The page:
Both Gibson and Davis have been blocked to playing time by offensively productive yet overpaid power forwards, so statistically, it's not surprising that they've put up very similar career numbers. Even if he's not the defender Gibson is, Davis' youth and efficiency offensively probably gives him the nod in this comparison, and perhaps that will equate to a few extra million guaranteed overall.

For the sake of figuring out the cap room Memphis will have, let's give Davis an ascending deal that starts at $8 million next year. Could that fit with Randolph's $16.9 million owed next year?

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Cap concerns for Memphis

The salary cap next year is projected at $62.1 million, with the tax line projected at $75.7 million. 

Factoring in Kosta Koufos' $3 million non-guaranteed deal and Quincy Pondexter's qualifying offer, extending Davis for a salary that started at $8 million would put the Grizzlies right around the $71 million mark, and that's before having to match on Pondexter in free agency, which is something the Grizzlies will have to do unless he's extended before October 31 or simply not given a qualifying offer next offseason.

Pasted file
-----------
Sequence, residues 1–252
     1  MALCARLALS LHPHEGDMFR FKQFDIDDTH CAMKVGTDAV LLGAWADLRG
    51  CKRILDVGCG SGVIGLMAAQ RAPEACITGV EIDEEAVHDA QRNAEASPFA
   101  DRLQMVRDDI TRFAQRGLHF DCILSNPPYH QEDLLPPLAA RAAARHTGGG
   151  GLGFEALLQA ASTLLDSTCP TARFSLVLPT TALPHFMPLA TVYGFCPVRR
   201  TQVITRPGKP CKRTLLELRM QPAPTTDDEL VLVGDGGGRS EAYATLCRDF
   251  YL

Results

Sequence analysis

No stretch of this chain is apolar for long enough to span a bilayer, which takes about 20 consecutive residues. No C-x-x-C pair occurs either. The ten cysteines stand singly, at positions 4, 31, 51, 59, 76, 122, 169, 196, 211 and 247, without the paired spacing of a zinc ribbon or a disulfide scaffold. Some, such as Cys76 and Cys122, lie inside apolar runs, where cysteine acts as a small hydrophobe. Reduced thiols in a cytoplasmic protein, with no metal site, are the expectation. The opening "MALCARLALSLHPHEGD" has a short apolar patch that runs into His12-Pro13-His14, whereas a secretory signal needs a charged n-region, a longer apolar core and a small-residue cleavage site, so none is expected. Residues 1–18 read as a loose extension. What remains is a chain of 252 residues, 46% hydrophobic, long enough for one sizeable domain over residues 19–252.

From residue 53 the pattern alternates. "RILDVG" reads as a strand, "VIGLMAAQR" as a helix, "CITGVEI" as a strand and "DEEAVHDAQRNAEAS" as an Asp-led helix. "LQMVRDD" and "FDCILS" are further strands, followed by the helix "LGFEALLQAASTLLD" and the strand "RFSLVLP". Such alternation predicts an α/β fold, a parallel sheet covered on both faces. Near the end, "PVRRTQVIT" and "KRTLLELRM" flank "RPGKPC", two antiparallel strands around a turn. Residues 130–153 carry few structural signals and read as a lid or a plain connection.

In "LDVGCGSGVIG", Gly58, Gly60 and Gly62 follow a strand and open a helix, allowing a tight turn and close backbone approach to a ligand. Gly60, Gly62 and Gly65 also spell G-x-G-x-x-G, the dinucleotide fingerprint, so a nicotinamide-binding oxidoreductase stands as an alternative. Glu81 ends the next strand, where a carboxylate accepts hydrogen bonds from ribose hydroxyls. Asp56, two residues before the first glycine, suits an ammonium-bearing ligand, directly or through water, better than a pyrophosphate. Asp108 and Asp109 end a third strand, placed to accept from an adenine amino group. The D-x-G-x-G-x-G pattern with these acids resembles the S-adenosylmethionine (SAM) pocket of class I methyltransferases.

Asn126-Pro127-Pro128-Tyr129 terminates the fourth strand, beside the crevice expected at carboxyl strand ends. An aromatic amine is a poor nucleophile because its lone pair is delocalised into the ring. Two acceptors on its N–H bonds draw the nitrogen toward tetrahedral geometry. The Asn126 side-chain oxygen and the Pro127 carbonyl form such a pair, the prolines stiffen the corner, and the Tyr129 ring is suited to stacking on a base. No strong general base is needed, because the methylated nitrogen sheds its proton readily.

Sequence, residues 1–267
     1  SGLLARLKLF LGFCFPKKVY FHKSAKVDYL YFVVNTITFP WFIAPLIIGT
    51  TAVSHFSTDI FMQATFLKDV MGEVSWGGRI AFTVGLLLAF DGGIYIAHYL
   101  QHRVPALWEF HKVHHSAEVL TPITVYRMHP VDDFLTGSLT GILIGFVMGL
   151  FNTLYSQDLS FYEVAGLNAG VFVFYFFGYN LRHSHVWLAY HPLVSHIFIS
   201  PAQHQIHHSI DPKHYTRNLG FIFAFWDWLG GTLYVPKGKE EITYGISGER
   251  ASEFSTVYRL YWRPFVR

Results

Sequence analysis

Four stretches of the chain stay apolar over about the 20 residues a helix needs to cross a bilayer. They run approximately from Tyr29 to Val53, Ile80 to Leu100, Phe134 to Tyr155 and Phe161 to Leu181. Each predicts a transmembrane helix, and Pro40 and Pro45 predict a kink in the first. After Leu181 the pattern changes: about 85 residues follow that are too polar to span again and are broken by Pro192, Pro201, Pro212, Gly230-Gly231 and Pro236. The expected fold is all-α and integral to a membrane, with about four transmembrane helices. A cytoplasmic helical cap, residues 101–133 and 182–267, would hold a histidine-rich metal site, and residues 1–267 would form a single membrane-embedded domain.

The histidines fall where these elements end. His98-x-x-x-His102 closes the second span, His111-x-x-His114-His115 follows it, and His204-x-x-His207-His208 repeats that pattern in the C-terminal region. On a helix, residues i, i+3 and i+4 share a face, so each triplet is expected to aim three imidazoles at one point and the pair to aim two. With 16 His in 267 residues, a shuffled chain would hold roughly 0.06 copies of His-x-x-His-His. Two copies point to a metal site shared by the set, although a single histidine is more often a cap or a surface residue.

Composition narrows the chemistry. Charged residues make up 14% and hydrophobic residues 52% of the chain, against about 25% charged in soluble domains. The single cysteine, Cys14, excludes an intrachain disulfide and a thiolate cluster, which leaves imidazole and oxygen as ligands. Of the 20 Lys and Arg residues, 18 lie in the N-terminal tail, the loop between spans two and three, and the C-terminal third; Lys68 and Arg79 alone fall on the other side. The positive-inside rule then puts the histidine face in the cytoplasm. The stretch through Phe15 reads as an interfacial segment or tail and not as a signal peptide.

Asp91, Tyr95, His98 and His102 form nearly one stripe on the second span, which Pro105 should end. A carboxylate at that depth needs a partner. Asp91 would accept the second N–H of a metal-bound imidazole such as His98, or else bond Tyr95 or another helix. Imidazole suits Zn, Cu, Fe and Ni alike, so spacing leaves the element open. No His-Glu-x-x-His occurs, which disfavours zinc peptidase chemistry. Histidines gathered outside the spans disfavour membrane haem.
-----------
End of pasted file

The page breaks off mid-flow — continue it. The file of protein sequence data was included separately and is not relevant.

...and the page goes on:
Point being, keeping Davis, Randolph, Koufos and Pondexter all on the roster next season would take the Grizzlies right up to or past the tax line with no wiggle room.

Because all exceptions count toward the luxury tax, the Grizzlies would then be paying $1.50 on every $1.00 spent over the tax. That's something nearly every ownership group wants to avoid, and for that reason, keeping three out of the four players listed above is probably more realistic. 

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Why Randolph would be shopped

Trading Randolph still wouldn't be an easy decision, even if Davis gets his extension. Randolph has achieved icon status in Memphis along with Tony Allen, and as improbable as this seemed four years ago, he's at the heart of a team capable of contending for a championship.

Randolph has been a very good playoff performer over the last few years as well, whereas Davis has only played 48 career playoff minutes after wasting away in Toronto and being buried by Lionel Hollins last postseason.

Still, the front office for the Grizzlies showed last year that financial flexibility is a chief concern when the team traded away Rudy Gay to Toronto to land Davis. With the rumors swirling around Randolph much like they did around Gay last season, Randolph could be headed toward a similar fate this season, even if the Grizzlies are playing well.

For longevity's sake, aggressively fielding offers for Randolph makes sense. Despite their current status as contenders, Mike Conley and Marc Gasol are still young core pillars. As long as those two are around, the window for contention will stay open.

Basically, Memphis has to decide if forfeiting current assets and limiting flexibility in order to retain Randolph is less damaging than a potential drop-off in production on the court.

If the Grizzlies invest in Davis before October 31, we'll have a better idea of which way the team is leaning. Randolph will be shopped around the league regardless, but it's the financial pressure created by a Davis extension that could provide the extra motivation to move Randolph at the peak of his value, before it might be too late.